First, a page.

A follow up to the Medley Centre redevelopment project in Irondequoit. Private developer Scott Congel will begin demolition later this week on three properties related to the Medley Centre project.
The demolition will not take place at the mall itself, rather at three vacant properties Congel owns along East Ridge Road within a stone's throw of the mall.
Is it progress or simply a stall tactic? That depends on who you talk to.
With the exception of a couple of anchor stores, the Medley Centre, and before that, the Irondequoit Mall, has been an eyesore for the town.
It has, for the most part sat vacant for several years.
Developer Scott Congel has delivered empty promises when it comes to redeveloping the site as a mixed-use complex for tourism, recreation, and resort.
Demolition equipment sits ready to go in the parking lot of the former Irondequoit Dodge. One of three Congel-owned properties along East Ridge Road.
Come Thursday, Congel will begin to tear down the former Costellol Insurance company.
A sign, according to the town supervisor, that things are moving in the right direction.
"He knows that I'm tough to deal with. I'm firm. I really gave him some serious ultimatums. And, because he knows, I'm out for the interest of our taxpayers. Even though we want this project to move forward. Because that's going to help the taxpayers down the road. He knows I mean business," said Mary Joyce D'Aurizio, Irondequoit Town Supervisor.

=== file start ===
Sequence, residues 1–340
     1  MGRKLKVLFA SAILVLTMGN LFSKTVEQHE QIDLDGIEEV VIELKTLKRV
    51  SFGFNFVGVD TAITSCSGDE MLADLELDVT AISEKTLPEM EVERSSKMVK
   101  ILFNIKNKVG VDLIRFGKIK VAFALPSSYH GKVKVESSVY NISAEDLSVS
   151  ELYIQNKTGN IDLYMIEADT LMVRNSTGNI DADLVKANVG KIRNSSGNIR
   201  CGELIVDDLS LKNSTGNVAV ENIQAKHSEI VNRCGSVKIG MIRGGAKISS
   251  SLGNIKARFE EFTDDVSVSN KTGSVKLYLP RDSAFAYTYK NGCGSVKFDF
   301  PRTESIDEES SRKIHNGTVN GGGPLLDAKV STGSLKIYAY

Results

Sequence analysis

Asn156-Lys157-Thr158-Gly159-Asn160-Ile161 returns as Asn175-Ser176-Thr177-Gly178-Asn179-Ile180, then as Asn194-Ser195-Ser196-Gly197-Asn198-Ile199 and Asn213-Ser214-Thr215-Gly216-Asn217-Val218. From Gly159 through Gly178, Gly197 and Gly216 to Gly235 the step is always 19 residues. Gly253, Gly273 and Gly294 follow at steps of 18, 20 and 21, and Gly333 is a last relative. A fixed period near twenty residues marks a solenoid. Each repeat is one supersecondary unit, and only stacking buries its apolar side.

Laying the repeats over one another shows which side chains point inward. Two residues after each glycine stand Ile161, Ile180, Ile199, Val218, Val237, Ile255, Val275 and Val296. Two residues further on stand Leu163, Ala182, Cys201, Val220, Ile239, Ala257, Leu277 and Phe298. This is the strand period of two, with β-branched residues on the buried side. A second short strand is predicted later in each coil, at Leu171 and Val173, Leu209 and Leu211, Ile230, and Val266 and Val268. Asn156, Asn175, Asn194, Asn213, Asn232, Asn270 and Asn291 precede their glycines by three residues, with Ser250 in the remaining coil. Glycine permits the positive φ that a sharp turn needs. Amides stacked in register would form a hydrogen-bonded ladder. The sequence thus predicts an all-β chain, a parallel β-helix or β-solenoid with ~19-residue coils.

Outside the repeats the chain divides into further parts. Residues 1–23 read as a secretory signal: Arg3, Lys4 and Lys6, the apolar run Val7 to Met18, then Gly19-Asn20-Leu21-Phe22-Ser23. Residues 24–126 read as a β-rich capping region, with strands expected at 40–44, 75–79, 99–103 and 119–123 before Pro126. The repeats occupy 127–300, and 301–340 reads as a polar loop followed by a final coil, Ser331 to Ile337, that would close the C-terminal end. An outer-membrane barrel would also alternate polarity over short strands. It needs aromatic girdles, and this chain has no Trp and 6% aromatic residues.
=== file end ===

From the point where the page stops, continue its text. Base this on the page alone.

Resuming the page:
Some folks don't believe Congel will ever redevelop the property. In the spring, Congel missed a crucial benchmark for the project. He was supposed to have invested $165 million (M) in Medley Centre Now, he will now pay a hefty financial penalty for the default, due early next year.
"I really haven't had any faith in him at all. I mean cause if he would have had something to do with this project, he would have already proceeded. Or brought some plans to this board to do something. Ya know, it's all been blah blah blah and he didn't get it done, " said Salvatore Guagliardo, Irondequoit.
Congel faces an even more substantial penalty if he can't prove a $260 million (M) investment by next April.
"I don't think that he's done anything with this property since he's owned it, that I can see. And I've lived here for 17 years. So, I hope that the town still forces him to do something with the property or they take it over and sell it to the highest bidder," said George German, Irondequoit.
D'Aurizio says only time will tell if Congel lives up to the deal. But, she says, he'll face consequences if he fails.